Two IDA officials asked him at a May 18 meeting about a state audit of his schools. According to meeting minutes, he responded that the state comptroller had found an accounting error and a fine had been paid to the state attorney general’s office.

Koffler signed a settlement last October that describes improper reimbursement practices and tax claims, based on audits and investigations by the state attorney general, comptroller and Department of Taxation and Finance.

Koffler and Sunshine Development School Inc. “submitted false reports” to the state Education Department, the settlement says, to claim reimbursements to which they were not entitled.

For example, Koffler created a complicated lease arrangement to pay rents, using a pass-through entity that performed no services but almost doubled the rents. The state paid more than $3.5 million to the entity, Bridan Realty III LLC, named for his sons Brian and Daniel.

The payments went into a bank account controlled by Koffler. Checks were issued for as much as $116,000 to Koffler, $2,500 a month to his sons, and for credit card payments, boat maintenance and Brian Koffler’s law school.

Koffler also reported business losses on his personal income tax return, the settlement says, and failed to report as income personal expenses the company paid on his behalf.

In 2006, his company reported a $12.3 million cash loan from Koffler, enabling him to claim a negative adjusted gross income. The loan was not fully substantiated, according to the settlement, and there was no “reason to believe that Michael Koffler had $12 million on hand to loan to his business.”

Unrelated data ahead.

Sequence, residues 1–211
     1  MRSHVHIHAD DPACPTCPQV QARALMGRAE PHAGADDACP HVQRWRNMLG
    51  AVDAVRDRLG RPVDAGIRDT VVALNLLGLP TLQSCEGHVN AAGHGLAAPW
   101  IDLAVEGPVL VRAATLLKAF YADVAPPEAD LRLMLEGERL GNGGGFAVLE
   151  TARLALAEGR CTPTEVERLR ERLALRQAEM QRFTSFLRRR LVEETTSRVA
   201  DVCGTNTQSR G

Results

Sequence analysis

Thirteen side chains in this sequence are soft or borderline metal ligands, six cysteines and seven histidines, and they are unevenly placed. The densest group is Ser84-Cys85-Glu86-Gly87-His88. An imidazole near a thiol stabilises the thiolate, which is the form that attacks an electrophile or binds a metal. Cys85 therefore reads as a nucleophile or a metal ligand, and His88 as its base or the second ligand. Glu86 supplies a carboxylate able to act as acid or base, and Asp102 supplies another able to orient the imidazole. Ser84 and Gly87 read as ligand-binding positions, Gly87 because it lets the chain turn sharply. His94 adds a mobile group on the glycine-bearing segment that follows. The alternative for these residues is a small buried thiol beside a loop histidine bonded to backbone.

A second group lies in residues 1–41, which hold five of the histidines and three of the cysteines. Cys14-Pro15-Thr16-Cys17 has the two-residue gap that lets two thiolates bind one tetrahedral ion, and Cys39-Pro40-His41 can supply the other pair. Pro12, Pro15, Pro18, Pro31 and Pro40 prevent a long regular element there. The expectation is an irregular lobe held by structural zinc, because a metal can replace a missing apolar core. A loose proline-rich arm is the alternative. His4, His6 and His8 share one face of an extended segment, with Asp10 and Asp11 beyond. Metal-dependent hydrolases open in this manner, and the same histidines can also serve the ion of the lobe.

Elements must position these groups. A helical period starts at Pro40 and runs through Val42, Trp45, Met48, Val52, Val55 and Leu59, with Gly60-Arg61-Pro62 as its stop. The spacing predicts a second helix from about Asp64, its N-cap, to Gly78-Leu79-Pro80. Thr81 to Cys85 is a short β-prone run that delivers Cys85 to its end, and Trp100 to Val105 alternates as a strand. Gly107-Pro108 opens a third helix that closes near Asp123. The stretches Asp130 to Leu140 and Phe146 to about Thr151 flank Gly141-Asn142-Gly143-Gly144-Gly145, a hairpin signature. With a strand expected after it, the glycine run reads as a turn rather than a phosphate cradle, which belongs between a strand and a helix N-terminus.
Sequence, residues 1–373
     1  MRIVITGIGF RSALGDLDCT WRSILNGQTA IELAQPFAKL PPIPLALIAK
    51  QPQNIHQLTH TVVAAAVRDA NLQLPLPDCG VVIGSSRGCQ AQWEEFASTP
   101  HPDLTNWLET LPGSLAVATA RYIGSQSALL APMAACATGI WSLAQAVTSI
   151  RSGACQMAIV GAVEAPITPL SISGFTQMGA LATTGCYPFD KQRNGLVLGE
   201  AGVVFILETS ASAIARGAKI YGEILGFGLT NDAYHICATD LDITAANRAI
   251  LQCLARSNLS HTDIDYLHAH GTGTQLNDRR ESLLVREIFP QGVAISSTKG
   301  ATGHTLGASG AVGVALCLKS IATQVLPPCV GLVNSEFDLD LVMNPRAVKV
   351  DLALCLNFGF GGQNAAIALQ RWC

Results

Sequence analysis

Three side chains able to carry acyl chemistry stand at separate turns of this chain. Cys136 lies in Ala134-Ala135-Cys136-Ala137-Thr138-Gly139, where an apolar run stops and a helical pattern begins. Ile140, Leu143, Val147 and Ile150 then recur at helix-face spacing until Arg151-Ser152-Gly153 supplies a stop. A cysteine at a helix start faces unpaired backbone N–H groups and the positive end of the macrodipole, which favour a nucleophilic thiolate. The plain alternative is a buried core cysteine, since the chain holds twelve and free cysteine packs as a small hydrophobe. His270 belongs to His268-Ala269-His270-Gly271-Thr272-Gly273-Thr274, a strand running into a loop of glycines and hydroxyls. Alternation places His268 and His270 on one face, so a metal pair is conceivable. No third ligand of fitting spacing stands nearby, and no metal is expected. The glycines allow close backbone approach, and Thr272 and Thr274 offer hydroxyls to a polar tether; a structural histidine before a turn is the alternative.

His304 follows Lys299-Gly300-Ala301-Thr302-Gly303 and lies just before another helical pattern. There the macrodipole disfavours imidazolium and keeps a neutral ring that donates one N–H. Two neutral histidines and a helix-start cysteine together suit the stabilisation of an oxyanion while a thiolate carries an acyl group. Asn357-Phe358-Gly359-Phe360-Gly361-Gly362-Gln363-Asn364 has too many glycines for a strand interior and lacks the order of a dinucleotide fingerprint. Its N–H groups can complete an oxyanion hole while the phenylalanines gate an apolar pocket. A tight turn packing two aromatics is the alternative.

His companies deducted $1.6 million for personal expenses such as rental of a New York City apartment, payments to department and specialty stores and payments for a vacation home in Westhampton Beach.

The settlement requires Koffler and his wife, Lori, his sons Daniel and Brian and Sunshine Development School to pay the state $4.3 million.

The Kofflers disagree with many of the findings, the agreement says, and they deny violations of law but wish to settle the matter.

As of July, the Department of Taxation and Finance named Koffler and his wife to its list of the top 250 delinquent taxpayers. They owed nearly $1.6 million in personal income taxes, based on a lien filed in February that does not include subsequent payments or accrued penalties and interest.

The county IDA gave preliminary approval to the bond financing at its May meeting. The bond obligations would be paid by the company and they would not be considered a government debt. A final resolution is scheduled for consideration at the IDA’s September meeting.

Shrub Oak says classes will begin in fall 2018.



  1. The property once housed Baptist Bible College East. Some of the church planting pioneers of the New England area. Men and women from all over America came with a vision to plant churches in what was once the great revival area of our nation. The school turned out many faithful hard working Pastors, Teachers, and Missionaries. The school has since moved to a campus in Boston and has been renamed Boston Baptist College.